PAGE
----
June 15, 2016 – Here at What Works Cities, we talk with people in city government every day, and every day we hear stories about how civil servants are trying to improve residents’ lives. We discuss their challenges and the things they’re doing to fulfill their commitment to help their communities become that much better, that much stronger.
City government is made up of people who deeply care about their communities. It is those same people who, in the wake of a tragedy as shocking as the one in Orlando this past weekend, have to help those in their cities who have been wounded most deeply, all while tending to their own grief.
No city, no community, and no person should have to go through this.
Among the outpouring of grief and sympathy for the residents of Orlando, some of the most powerful statements of solidarity and empathy and offers of assistance have come from the community of fellow cities—from residents to Mayors. All feel connected by their common mission and desire: to provide hope, safety, and equity for all their residents—and to live in an environment where all individuals can thrive, find acceptance, and make a home. From within this community of cities have emerged expressions of love, sympathy, regret, and an implicit understanding of the vulnerabilities we all share.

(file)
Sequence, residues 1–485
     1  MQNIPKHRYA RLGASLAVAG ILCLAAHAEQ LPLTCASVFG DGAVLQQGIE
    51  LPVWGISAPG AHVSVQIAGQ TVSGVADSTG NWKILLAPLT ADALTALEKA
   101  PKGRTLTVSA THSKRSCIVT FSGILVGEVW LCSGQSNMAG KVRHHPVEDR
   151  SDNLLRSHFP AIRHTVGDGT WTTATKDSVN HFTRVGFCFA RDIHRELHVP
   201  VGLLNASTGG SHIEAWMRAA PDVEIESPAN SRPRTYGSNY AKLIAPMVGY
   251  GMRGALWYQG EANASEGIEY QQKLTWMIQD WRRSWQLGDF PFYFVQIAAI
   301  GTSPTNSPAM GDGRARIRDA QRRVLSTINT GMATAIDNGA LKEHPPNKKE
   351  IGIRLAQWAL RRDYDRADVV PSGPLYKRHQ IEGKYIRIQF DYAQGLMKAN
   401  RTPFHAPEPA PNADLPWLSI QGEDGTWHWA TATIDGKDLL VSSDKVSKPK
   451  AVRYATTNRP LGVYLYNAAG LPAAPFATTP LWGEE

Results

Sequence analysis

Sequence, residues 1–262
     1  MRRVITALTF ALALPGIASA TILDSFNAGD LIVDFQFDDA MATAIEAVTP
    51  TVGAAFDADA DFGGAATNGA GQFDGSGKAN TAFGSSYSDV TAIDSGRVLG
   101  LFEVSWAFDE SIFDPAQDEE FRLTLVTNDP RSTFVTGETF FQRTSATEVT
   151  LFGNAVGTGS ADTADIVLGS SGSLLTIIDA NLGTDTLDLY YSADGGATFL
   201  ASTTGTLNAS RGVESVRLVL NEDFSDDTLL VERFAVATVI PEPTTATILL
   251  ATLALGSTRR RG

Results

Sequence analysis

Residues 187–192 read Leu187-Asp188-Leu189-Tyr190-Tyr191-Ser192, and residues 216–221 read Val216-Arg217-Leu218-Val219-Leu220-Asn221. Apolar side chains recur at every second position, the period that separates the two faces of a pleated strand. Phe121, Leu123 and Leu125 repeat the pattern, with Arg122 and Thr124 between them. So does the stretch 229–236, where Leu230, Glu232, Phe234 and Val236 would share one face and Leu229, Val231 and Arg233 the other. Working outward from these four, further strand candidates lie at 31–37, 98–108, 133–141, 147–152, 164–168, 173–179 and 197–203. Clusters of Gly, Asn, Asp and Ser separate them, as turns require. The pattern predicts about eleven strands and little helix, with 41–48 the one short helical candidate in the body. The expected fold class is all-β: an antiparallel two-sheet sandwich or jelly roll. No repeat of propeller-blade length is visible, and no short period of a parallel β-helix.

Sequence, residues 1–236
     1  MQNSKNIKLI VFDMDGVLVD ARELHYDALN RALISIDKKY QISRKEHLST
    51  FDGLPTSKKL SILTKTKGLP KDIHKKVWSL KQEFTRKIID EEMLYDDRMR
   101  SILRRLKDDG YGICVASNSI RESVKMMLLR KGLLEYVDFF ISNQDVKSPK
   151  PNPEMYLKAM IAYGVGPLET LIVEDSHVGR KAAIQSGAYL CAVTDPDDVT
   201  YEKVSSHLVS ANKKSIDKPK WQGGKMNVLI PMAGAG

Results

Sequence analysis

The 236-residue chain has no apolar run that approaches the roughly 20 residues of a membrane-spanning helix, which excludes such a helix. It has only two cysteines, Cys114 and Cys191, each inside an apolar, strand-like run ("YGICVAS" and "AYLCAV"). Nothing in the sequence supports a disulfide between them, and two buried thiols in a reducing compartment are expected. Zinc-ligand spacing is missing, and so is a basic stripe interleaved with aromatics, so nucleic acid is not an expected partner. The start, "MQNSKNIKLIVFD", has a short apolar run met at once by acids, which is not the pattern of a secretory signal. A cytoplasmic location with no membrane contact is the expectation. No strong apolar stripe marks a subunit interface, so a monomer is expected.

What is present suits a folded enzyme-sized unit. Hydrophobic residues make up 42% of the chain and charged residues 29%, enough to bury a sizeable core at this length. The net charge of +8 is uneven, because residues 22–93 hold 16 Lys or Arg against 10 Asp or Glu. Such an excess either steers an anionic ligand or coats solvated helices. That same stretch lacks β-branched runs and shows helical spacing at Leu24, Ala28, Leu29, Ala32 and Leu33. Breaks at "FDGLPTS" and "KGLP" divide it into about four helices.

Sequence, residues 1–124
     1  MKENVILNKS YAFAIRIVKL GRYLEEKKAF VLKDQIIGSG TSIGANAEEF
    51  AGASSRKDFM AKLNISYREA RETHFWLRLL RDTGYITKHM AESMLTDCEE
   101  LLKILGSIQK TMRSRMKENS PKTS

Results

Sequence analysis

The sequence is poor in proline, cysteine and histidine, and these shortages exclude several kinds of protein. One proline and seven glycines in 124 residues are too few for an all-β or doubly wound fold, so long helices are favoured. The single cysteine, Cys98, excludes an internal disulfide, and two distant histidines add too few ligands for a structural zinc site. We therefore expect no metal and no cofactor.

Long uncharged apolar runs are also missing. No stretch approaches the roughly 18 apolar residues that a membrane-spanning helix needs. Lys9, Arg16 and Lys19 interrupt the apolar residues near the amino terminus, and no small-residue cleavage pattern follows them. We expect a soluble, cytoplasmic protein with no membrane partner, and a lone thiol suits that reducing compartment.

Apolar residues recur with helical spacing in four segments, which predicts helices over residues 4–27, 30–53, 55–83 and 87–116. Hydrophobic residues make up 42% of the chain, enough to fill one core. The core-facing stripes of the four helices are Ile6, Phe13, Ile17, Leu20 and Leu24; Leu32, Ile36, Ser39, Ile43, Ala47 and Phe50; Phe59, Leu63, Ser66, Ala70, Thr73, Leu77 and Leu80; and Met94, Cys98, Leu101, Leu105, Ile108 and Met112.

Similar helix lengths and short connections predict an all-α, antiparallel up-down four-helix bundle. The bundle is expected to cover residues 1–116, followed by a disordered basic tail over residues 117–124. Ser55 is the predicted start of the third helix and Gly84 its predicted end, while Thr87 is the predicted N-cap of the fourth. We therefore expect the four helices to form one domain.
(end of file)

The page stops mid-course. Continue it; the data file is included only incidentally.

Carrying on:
Here are just a few:
At What Works Cities, we are honored to work with city leaders who share learnings and foster a network to support one another—not just in the daily work, but also in the wake of tragedy.
Today, we are all Orlandoans, as we were all San Bernardinans six months ago, Chattanoogans 11 months ago, and Aurorans 47 months ago. Our greatest desire is that no city will face such terrors again, but if any should, we will find hope in a community of cities that is stronger than any one city alone. We are all Orlando.